"St. Paul recently announced they are abandoning medical pro-fessional liability insurance for physicians nationally. What does this mean for the physicians currently insured by them? St. Paul has announced they will non-renew each of their physician policyholders at their next policy renewal date.
"Central Illinois is a 'hotbed' of unjustified prosecutions against physicians, according to a prominent Peoria doctor. Chester Danehower, president-elect of the Association of American Physicians and Surgeons (AAPS), said every doctor in America should be worried about the growing trend, and every patient or potential patient should worry about the resulting erosion of medical care in this country.
With the definite resurgence of the medical liability crisis, a recapitulation of the AMA's campaign for the implementation of tort reform in the last several years is in order to better understand where we have been and where we are headed in our struggle for meaningful and substantive medical liability ("malpractice") tort reform.
Obstetricians Forced Out of Business
"Doctors who specialize in delivering babies and treating pregnant women are closing their offices, leaving states such as Florida and New York, or abandoning their profession because they can't get liability insurance, even at sky-high rates.
Many incremental mandates during the past decade have brought about changes in the way medical care is delivered. Many of the changes have resulted in physician dissatisfaction and frustration with the practice of medicine. Physicians have become increasingly concerned with the increases in their overhead expenses, the reductions in reimbursement for the medical services they provide, the intrusion of third-party regulatory networks into the clinical decision-making process, and the threat of medical malpractice litigation.(1)
The old saying goes that if the flak gets heavy, you know you must be over the target! The heated responses of both Drs. Dunsker and Carmel to my article suggest we have actually scored a bull's eye and hit the target. Perhaps, tort reform itself will finally come into the cross hairs of enactment soon!
While both the Patients' Bill of Rights legislation, allowing patients to sue HMOs in state court for unlimited damages, and tort reform, providing physicians judicial relief in medical liability, have stalled in the 107th Congress this year --- these intertwined problems of health care litigation will not disappear for long from the political landscape.
In the Fall 2001 issue of the AANS Bulletin, "A Profession at Risk---The Medical Liability Crisis," the editors brought forth the momentous issue of spiraling medical liability for neurosurgeons.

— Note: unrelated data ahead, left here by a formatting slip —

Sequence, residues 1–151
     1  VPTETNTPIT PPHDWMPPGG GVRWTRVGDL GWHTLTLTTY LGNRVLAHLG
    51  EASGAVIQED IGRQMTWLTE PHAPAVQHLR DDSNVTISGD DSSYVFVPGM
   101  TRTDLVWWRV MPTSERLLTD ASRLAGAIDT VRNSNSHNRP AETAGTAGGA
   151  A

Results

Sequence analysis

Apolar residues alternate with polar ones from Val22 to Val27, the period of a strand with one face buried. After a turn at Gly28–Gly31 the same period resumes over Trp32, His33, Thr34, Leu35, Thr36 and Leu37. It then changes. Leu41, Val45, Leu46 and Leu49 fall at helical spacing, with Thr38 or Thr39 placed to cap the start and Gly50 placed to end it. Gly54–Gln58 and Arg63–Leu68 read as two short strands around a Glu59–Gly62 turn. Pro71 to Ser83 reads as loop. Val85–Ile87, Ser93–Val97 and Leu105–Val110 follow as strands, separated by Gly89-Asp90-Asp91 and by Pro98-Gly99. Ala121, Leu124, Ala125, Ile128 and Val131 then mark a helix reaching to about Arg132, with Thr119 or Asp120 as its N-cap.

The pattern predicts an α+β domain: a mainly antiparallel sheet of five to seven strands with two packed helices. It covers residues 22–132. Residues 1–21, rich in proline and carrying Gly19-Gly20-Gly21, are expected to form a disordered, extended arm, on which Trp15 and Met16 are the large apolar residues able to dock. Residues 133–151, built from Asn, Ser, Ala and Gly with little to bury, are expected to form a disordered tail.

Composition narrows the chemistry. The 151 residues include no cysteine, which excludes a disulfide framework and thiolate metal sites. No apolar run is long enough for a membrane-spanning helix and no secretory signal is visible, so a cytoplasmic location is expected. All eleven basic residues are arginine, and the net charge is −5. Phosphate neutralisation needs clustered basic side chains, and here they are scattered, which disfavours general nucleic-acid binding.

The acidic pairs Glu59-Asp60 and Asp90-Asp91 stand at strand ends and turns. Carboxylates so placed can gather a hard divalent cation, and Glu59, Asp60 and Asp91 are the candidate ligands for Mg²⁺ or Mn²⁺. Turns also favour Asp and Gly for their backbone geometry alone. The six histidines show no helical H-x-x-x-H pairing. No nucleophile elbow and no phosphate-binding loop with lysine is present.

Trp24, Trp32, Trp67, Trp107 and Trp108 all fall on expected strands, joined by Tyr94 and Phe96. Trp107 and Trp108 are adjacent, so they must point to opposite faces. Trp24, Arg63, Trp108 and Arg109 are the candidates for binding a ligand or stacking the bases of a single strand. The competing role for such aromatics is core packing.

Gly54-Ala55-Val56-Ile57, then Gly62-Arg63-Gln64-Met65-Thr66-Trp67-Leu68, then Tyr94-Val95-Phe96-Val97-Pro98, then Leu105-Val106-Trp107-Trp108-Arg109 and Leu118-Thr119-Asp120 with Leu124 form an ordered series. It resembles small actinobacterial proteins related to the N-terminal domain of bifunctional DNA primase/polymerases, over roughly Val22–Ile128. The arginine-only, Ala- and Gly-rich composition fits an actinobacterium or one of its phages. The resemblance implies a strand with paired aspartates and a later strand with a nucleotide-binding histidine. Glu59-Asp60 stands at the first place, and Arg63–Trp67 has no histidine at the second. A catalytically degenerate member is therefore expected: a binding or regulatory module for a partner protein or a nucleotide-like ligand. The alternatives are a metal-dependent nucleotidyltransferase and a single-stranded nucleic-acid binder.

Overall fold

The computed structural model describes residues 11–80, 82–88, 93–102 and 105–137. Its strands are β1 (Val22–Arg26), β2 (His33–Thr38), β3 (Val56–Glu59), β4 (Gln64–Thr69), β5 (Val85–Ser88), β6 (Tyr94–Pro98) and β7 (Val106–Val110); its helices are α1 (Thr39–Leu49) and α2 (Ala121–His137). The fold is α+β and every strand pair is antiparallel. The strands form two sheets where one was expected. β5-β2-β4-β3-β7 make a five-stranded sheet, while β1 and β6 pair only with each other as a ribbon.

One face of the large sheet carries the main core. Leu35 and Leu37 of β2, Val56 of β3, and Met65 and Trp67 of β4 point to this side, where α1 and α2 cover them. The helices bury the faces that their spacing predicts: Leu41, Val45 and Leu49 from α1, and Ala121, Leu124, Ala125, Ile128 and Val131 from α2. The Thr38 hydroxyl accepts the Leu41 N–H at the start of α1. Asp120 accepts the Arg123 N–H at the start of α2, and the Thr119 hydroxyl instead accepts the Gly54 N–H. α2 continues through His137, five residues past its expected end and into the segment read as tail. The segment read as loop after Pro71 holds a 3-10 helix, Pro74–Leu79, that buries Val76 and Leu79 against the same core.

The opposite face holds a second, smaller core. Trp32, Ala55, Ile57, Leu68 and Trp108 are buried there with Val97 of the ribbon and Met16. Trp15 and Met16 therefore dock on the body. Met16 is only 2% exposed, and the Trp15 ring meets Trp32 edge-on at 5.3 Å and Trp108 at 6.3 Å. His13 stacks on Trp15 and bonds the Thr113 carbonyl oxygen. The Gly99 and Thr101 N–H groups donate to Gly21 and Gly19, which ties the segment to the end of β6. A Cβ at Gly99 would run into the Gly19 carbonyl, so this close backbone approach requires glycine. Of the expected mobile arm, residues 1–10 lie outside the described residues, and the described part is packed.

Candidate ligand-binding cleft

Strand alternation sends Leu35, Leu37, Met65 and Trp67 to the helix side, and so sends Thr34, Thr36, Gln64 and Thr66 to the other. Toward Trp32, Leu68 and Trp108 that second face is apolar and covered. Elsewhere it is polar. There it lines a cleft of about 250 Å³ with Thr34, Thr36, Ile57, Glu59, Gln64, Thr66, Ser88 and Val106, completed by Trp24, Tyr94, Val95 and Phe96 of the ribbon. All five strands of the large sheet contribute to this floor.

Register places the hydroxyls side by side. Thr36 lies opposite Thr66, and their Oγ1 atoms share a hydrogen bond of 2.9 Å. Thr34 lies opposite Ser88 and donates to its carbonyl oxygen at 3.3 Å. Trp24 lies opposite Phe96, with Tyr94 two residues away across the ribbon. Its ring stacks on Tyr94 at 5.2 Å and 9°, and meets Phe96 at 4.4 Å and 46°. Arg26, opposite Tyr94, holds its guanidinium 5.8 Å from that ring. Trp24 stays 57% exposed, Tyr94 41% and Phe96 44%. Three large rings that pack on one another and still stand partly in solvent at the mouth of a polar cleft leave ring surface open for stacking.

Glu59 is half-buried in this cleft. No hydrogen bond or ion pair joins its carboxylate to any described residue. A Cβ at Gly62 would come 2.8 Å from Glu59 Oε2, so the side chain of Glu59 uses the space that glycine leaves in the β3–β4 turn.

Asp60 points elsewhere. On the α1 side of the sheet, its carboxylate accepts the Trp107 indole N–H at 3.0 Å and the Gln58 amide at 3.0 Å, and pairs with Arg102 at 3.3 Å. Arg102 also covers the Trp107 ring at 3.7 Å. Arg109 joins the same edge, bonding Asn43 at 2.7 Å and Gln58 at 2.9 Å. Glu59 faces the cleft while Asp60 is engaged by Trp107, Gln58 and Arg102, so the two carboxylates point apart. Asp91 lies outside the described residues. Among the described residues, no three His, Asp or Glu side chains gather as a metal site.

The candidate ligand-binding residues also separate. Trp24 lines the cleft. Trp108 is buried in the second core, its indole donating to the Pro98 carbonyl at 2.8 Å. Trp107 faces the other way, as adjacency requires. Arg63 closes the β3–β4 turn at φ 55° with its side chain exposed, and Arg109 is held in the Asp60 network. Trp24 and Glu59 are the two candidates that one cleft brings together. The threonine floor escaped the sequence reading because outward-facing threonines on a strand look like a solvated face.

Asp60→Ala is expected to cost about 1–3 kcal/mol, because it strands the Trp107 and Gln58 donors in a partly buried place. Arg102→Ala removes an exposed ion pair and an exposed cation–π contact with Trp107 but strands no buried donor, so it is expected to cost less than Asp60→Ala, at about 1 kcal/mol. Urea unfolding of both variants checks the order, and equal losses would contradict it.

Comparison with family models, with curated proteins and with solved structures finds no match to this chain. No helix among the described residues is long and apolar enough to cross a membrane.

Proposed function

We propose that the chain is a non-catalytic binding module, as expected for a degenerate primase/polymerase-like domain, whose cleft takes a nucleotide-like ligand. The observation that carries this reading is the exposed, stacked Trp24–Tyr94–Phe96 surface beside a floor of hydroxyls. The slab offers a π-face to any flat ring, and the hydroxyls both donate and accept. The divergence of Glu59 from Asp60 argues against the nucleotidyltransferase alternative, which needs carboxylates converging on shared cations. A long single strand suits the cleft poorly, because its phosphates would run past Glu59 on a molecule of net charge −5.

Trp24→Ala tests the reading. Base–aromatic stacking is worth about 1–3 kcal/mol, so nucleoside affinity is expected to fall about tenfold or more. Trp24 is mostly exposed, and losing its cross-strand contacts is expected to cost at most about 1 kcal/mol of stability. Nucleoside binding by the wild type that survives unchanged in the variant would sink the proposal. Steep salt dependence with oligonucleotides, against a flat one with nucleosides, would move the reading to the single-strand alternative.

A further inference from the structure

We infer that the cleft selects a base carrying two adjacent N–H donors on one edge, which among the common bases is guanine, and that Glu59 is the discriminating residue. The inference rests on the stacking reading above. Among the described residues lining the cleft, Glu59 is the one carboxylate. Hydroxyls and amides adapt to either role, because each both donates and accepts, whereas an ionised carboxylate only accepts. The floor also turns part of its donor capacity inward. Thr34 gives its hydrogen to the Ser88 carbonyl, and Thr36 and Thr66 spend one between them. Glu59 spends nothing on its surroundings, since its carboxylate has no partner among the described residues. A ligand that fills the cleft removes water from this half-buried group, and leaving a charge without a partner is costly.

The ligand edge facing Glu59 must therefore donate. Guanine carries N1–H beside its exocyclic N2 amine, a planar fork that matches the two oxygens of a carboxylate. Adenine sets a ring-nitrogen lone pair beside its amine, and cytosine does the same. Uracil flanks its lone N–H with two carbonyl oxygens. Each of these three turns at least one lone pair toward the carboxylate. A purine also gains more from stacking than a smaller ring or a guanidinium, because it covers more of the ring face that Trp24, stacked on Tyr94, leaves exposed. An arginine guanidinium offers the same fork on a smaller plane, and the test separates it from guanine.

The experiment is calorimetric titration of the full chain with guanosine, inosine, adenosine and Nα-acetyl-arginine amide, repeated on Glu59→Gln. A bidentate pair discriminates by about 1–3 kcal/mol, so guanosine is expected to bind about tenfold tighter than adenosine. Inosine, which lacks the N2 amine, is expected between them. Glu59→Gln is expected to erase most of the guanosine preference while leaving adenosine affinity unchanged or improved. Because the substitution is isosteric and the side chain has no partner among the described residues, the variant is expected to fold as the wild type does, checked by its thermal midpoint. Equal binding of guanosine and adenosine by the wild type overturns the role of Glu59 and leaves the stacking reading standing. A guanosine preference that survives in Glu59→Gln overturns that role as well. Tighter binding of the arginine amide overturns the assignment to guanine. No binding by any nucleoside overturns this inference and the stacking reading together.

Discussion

Indeed, neurosurgery has been a profession at risk for quite some time, and many American neurosurgeons are quitting early rather than becoming grist for the trial lawyers' mill. This medical liability problem is number one for U.S. neurosurgeons and the AANS, yet it's not so at all for the umbrella organization, the AMA, which politically claims to represent all physicians.
If anyone is interested in reading about a physician (neurologist) who has learned the ropes of the court system and who entertains the reader with forensic medical tales, this is the book to read and savor. Although Dr. Klawans is a frequent medical expert witness for both sides of the versus, he does not hesitate to use the term "hired gun" for impartial medical experts and minces no words in describing the shortcomings of the tort system. In case after case, Dr.
This book is a thinly-veiled attempt to defend the status quo of litigation-on-demand - "better the devil you know than the one you don't." Essentially, it advises physicians to accept the system and conform to the rigors of legal imposition when caught in the net of a medical lawsuit. It defends contingency fees, the system which allows the attorney-litigators to keep as much as 40% of the malpractice award and in the end leaves the injured plaintiffs with only 20-30% of the original award.
In the early spring of 1995, the House of Representatives passed a bipartisan medical liability bill (tort reform) by a significant margin (247 to 171), despite a strong opposition by the trial lawyers. This legislation was a sweeping tort reform bill that would have gone a long way towards reforming medical "malpractice" and alleviating the adversarial and litigious climate in which physicians have been practicing medicine for the last three decades.